Japan's
pacifistic constitution (written by post-WWII American occupiers) has
been interpreted to preclude "collective defense." That means the
document would have to be amended or reinterpreted in for Japan to enter
into a full-fledged alliance with either South Korea, the US or both.

Far
from being integrated into a single command as in Korea (or Europe
under NATO), the Americans in Japan and the Japanese armed forces might
as well have inhabited different planets for most of the past 50 years.
It is only recently that the two countries have gradually moved to
integrate their forces and hold exercises together.

There are
obvious barriers in Japan allying itself with South Korea, not the least
being lingering memories Koreans have of Japan's long occupation of the
Korean peninsula. The two countries also dispute ownership of a small
group of rocky islets in the Sea of Japan (East Sea to Koreans) called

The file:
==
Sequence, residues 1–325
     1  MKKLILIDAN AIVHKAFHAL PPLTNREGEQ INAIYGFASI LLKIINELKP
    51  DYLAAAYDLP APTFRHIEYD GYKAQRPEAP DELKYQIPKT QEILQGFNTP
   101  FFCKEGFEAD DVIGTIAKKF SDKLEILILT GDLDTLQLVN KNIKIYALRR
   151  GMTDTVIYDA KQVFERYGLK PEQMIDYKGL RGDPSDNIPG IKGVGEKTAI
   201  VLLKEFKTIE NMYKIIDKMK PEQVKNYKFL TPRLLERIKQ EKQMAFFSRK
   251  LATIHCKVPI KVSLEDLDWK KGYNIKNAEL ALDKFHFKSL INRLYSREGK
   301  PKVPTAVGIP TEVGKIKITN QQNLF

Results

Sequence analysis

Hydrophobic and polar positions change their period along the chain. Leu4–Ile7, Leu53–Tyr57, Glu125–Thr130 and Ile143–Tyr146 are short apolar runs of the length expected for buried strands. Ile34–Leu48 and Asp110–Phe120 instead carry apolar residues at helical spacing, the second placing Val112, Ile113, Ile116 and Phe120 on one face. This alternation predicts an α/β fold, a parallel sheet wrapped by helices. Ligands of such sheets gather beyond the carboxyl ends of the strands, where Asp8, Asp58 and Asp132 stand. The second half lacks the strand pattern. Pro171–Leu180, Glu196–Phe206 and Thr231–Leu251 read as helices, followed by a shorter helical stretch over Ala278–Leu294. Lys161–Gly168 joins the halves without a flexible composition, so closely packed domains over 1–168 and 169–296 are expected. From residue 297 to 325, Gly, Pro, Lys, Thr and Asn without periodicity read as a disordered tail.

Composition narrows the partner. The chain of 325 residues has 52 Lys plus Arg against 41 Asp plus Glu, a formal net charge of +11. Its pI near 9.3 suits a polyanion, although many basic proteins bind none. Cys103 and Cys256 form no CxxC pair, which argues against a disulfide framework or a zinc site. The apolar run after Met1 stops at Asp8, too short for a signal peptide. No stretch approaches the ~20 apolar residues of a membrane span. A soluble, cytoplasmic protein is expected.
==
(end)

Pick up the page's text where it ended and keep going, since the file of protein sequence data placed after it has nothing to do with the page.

the Dokdo by Koreas and Takeshima by the Japanese.

The Japanese
too are puzzled and vaguely threatened by South Korea's apparent desire
to build a "blue-water" navy. In 2007 South Korea commissioned its
largest warship, a helicopter amphibious assault ship with the pregnant
name of Dokdo. What use are these amphibious ships in defending
against a northern invasion, they wonder? (The Koreans say they are
useful in peace-keeping and disaster relief).

Shortly after
assuming office last June Japan's Prime Minister, Naoto Kan, issued a
formal Japanese apology on the 100th anniversary of Japan's annexation
of Korea in 1910, which may help ease Korean suspicions. It may be his
most useful foreign policy initiative since taking office to date.

The
American-backed defense and security architecture of Northeast Asia is
now more than 50 years old and was conceived in a different time for
different contingencies. Then the main threat, obviously, was the Soviet
Union and a fear of a conventional invasion by North Korea.

The
threat from Russia has receded while worries over China's rapidly
modernizing military have accelerated, especially in the past year.
Meanwhile, North Korea has acquired the ability to build atomic bombs
and is working on the means to deliver them.